• Barnes and Noble – this program is for kids in Grades 1-6, and runs May 25 – September 7. Kids earn a free book after reading eight books
  • Bookworm Wednesdays – Every Wednesday at 10:00 am beginning July 7th for six weeks. Bookworm Wednesdays entitles kids to free admission to a select children’s film when they present a book report at a participating Showcase Cinemas, Multiplex Cinemas or Cinema de Lux box office. Accompanying parents or guardians and children under six receive free admission and do not need to submit a book report. 
  • Borders “Double Dog Dare” – this program is for kids under 12, who can earn a free book after reading ten books The program runs May 4 – August 26.
  • Chuck E. Cheese Reading Rewards Calendar – Agree on a reading goal with your child. Fill in the reading chart every day that your child meets that goal, and after two weeks, he can turn it into Chuck E. Cheese for 10 free tokens (with pizza purchase). They also have other calendars to work on other goals.
  • Half-Price Books “Feed Your Brain” – I actually posted about this program previously, but in case you missed it… Kids 14 and under can earn a $3 Half-Price Books gift card each week for every week they read at least 15 minutes a day from June 1 to July 31.
  • H-E-Buddy Reading Club – Kids read ten books, submit the form before October 1st, 2010, and receive a prize in the mail
  • TD Bank Summer Reading – this program is for kids aged 18 or younger and runs May 3 – September 30. Kids, who read ten books, get $10 cash.
Labels: Language Arts, Literature, Phonics and Reading, Summer, This and That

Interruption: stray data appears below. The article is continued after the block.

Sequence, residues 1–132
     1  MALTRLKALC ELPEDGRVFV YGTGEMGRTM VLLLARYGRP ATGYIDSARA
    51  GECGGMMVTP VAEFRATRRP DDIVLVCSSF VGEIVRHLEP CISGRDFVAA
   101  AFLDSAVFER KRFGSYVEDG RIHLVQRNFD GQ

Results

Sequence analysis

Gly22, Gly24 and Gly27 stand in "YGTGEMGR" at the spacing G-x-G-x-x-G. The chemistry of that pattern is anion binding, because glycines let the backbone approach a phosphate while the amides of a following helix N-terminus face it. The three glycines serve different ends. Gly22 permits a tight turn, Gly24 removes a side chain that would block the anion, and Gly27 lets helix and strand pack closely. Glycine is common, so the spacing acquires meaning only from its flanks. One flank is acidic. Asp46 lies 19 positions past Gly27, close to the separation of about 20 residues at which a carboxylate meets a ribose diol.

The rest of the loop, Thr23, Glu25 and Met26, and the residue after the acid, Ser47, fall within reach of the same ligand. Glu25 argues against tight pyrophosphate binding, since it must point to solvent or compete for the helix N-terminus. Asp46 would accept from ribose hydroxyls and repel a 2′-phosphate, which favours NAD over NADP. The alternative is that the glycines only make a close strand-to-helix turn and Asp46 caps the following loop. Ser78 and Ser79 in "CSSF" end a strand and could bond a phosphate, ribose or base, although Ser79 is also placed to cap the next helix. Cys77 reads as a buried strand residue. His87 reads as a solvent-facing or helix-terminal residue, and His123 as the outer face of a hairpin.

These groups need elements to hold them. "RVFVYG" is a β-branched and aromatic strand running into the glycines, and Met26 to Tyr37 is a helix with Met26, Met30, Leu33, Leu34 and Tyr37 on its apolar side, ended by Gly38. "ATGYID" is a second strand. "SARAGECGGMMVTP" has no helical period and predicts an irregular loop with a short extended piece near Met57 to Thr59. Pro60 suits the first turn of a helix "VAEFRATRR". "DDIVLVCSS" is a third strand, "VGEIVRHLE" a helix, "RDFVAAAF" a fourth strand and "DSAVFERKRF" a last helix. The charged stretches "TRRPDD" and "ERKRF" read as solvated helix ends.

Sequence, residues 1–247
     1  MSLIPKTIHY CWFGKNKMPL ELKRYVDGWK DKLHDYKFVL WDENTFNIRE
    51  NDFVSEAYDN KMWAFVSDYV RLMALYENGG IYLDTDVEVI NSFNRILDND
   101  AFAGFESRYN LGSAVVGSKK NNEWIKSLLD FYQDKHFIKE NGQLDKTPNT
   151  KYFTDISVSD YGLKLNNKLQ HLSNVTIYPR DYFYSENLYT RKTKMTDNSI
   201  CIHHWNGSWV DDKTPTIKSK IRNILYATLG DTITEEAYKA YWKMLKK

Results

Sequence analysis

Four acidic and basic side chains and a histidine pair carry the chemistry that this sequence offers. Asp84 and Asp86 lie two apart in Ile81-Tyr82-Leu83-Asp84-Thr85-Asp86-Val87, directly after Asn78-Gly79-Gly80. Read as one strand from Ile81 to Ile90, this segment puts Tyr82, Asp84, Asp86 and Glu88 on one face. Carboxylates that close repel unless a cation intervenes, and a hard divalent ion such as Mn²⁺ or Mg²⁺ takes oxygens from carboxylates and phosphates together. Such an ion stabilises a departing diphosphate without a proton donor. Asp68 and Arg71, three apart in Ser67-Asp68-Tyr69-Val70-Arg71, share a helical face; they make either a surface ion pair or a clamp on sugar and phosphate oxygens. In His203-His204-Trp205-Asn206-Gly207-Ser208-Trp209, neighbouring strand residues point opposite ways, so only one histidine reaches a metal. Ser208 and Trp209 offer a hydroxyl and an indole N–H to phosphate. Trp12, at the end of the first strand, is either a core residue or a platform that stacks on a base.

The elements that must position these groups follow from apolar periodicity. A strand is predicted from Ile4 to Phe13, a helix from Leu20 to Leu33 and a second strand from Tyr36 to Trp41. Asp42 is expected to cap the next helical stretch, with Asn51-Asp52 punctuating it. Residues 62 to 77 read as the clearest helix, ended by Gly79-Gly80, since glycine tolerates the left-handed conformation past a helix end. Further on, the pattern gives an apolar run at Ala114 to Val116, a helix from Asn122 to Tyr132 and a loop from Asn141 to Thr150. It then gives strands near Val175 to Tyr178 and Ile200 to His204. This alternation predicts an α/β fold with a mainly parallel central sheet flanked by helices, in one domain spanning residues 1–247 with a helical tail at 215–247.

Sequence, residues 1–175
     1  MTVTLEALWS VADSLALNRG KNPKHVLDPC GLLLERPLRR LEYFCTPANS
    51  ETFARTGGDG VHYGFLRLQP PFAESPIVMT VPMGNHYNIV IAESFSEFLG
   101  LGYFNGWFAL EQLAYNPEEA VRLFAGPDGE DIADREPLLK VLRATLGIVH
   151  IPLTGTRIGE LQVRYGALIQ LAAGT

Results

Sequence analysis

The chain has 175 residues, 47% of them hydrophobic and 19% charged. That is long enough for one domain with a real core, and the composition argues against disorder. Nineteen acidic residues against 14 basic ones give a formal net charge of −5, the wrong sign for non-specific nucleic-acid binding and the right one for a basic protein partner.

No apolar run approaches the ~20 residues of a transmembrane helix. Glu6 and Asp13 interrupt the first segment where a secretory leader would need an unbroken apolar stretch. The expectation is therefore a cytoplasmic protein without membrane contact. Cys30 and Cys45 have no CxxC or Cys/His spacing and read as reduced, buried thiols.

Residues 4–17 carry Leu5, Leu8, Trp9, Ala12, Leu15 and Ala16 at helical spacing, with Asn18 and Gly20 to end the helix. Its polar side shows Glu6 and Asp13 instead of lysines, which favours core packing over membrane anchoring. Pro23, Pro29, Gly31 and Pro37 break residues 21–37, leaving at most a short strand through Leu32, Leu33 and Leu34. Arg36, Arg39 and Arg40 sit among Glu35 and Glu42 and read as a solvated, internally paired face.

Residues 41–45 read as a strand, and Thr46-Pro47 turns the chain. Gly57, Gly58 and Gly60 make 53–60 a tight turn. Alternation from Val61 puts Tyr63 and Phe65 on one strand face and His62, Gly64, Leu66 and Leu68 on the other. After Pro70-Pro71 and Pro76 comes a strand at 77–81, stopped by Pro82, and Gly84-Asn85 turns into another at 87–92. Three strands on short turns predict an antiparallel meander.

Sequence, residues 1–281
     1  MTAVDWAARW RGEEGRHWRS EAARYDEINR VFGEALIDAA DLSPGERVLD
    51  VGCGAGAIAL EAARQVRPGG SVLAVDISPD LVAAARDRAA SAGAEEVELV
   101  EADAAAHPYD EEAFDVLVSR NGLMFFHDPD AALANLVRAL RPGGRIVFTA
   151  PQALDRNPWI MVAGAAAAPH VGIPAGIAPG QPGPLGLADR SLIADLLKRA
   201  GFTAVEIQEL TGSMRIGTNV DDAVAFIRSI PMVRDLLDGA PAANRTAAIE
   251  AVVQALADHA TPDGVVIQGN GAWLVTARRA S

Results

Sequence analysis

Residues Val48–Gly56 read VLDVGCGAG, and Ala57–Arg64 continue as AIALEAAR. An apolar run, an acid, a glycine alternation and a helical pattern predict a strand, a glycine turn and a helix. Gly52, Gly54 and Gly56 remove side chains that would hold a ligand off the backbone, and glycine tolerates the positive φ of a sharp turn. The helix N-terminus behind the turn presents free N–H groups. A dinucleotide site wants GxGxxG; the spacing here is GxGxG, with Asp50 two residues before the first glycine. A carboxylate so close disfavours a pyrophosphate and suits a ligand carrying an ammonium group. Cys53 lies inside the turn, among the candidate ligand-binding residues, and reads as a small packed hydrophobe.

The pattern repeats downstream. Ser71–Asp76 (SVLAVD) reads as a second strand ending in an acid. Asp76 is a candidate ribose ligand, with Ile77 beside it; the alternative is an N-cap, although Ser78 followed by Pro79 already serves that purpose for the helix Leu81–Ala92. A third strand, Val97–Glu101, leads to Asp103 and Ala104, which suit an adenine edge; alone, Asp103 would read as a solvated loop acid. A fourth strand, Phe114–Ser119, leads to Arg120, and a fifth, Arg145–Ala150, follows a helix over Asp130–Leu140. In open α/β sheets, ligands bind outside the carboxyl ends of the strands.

Posted by Maureen Sklaroff

Feed Your Brain Summer Reading Program from Half Price Books

Half Price Books will be running a summer reading program for kids aged 14 and under. The program runs June 1 – July 31, 2010. Kids earn $3 Half Price Books shopping cards for each that they read at least 15 minutes a day.

Labels: Language Arts, Phonics and Reading, Summer, This and That
Posted by Maureen Sklaroff

Recommended Reading Lists

Sometimes, it can be difficult to make literature selections for our home school. Mostly, there are just too many good books – so many books, so little time. It is difficult to narrow things down and pick the very best books, while also providing a nice variety of reading material. In addition, I like to keep each child’s unique tastes and learning traits in mind. So I like to refer to recommended reading lists before making literature selections. There are tons of lists out there, some are better than others, but here are some good ones that I have used over the years:

  • 100 Favorite Children’s Books (New York Public Library) – This list is grouped by type and geared towards 2nd – 6th grades
  • 100 Picture Books Everyone Should Know (New York Public Library)
  • 101 Great Books Recommended for College-Bound Readers (College Board)